JAPANLAND is a journey into the soul of Japan. For an entire year, adventure filmmaker and author Karin Muller immersed herself in Japanese society. Speaking Japanese and living with geisha and samurai archers, mountain ascetics and pearl divers, Karin gained access to the most intimate - and surprising - aspects of Japanese culture. The result is a rare look behind the tatemai - Japan's public face - to see the honne, the true inner character of Japan. JAPANLAND, is an entertaining, insightful, and often humorous look at a side of Japan that few foreigners have ever seen.
Suburban Samurai (#101)
The journey begins in Fujisawa, a Tokyo suburb where the government wages "bicycle war" against local commuters, and grueling three-day Shinto festival quickly deteriorates into a yakuza brawl. Down the Old Tokkaido Road, Karin rides steam trains, joins the spectacular -and dangerous - Gion Festival in Kyoto, investigates the ancient arts of papermaking and calligraphy, and eventually earns the trust of a geisha, who reveals the secrets behind the mysterious Willow World. A 24th generation sword maker in Kamakura demonstrates the art of forging a true samurai blade and even divulges his deadly sword-cutting techniques. The Japanese fascination with its samurai past is amply demonstrated at a festival of thinly-veiled feudal combat, where an old man is injured- perhaps fatally. A samurai mounted archery team reveal another side of the warrior code, as they ride galloping horses while handling a 2 meter longbow, and practice archery while balancing on a tightrope. In nearby Tokyo we find a different breed of warrior - young sumo wrestlers - who train from 5AM each day and lead a life of rigid, feudal discipline. Inspired, Karin travels to Wakayama, to immerse herself in its 48 sacred waterfalls in an icy midwinter ritual. [56 minutes]
Spiritland follows Japan's most famous pilgrimage - a 1400 km trek around the country's fourth-largest island. The sacred journey begins at Koya monastery, where the monks chant endless sutras, scrub floors, and survive on a near-starvation diet of rice and pickles. Several shrines and temples along the pilgrim trail host unusual events -like the Naked Festival - where rival gangs fight viciously over a sacred Shinto stick. Even more unexpected is one-man sumo - where a sumo champ does battle with the local shrine god - and bull sumo -where two tons of angry bull battle it out in a titanic clash of razor-sharp horns. Pilgrims are well respected, and are often invited into the homes of farmers and fishermen and even the legendary female peal divers, the Samurai of the Sea. Seafood is a huge part of Shikoku's island economy, and Karin is introduced to maggot fish and cormorant fishing, and spends several days aboard a high-tech Japanese fishing fleet. The catch goes straight to Tsukiji in Tokyo -the world's largest seafood market. Occasionally every pilgrim spends the night in a cave or broken-down bus, though invitations are also common - to help an old woman harvest her peaches, join a croquet game, or volunteer at a temple during Obon, the Festival of the Dead. When the festival is finally over the people of Miyazu light ten thousand floating candles to lead the spirits back home. [56 minutes]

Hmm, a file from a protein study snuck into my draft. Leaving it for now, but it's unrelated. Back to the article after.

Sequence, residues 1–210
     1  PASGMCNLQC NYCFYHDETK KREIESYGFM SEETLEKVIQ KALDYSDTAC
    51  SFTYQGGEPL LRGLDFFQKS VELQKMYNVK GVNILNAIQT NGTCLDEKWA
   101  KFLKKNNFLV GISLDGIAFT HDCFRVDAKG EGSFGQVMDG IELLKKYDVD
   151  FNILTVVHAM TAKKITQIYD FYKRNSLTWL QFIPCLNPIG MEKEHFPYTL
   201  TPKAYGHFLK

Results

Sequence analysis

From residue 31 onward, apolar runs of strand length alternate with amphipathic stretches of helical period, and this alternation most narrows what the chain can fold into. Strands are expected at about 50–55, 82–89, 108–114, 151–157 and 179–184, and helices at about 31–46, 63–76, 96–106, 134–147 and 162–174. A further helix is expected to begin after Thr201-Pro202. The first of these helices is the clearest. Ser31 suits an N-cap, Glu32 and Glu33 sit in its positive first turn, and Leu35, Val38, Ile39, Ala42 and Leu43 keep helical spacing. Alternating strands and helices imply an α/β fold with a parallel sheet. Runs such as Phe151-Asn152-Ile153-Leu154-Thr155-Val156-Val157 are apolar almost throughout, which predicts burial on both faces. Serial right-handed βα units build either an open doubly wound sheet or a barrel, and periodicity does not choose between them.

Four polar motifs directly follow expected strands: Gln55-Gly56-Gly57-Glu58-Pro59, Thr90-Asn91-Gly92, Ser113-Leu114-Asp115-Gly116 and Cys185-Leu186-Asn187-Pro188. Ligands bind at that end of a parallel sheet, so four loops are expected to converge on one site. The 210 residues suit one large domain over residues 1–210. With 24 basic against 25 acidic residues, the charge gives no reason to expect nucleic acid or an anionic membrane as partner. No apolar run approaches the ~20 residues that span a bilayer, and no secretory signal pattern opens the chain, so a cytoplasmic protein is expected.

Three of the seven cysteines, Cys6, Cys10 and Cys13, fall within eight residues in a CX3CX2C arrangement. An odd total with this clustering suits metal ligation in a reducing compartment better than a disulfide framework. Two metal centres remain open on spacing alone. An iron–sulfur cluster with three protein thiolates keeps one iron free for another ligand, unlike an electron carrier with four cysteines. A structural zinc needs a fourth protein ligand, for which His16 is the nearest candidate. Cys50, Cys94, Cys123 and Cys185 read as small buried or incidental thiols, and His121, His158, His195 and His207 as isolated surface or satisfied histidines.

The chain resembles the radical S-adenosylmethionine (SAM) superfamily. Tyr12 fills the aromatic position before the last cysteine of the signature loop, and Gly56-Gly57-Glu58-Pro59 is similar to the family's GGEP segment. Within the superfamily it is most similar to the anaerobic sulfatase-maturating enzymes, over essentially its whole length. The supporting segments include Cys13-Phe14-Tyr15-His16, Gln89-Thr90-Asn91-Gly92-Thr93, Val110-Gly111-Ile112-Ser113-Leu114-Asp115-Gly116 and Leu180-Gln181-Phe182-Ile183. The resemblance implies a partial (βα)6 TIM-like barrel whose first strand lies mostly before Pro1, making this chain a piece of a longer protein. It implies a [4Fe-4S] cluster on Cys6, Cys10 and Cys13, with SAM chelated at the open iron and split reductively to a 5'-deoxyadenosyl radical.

Mountain Gods and Businessmen opens on a mountain cult ceremony, where the participants walk on burning coals. Back in their sacred mountain hideaway the cultists undergo a secret training, with bizarre rituals and surprising revelations. Once the training is over, fall harvest in the surrounding village goes into full swing. The Basketman, a flamboyant and quirky character, does a thriving business with little more than a basket, rope, and rice paste. Further down the ancient Nakasendo highway, a potter spends six grueling days firing his traditional wood-burning kiln. On the other side of Japan, a million daily commuters plunge into Osaka's subway system each morning. Many of them stay until well past midnight and have to fight their way aboard the notorious last train. Those who don't make it often end up at a pachinko parlor and then crawl into a coffin-sized room at a capsule hotel. Osaka is filled with colorful characters, including Adam Cooley, a painfully shy American who makes his living as a street performer. The nearby Ebisu festival celebrates wealth and money, but right around the corner the homeless - like Nishida-san - are struggling to make ends meet. He collects aluminum cans for a living and eats at volunteer kitchens whenever he can. In an attempt to better their lives, the homeless organize a tense march against the government, to lay flowers at the murder site of one of their own. [56 minutes]
The Final Test (#104)
Winter in northwestern Honshu Island is bitterly cold. The inhabitants of one village distract themselves by staging winter kabuki, a 7-hour play held outdoors, in the snow. In nearby Yamagata a taiko drumming team is preparing for its own dramatic performance, complete with hissing dragons. One of the drummers returns to her village, where her mother employs a dozen housewives to build Nissan electrical harnesses in her basement. In Kyoto, winter brings out many ancient traditions, like the centuries-old court football, noodle sellers, and neighborhood fire patrols. Finally the series sums up some of the seeming contradictions of Japan: the young people in Tokyo with their nose plugs and purple hair versus traditional village life on Noto Peninsula. High-tech assembly lines competing with a traditional sake-making factory. A raw fish restaurant and beer-fed beef and crab fishing - all facing depleted resources and an uncertain future. Japan's emerging modern religions compared to its ancient Shinto beliefs. Osaka's elusive Lion Dancers provide a final glimpse behind the tatemai - the public face - to see the honne, the true inner character of Japan. [56 minutes]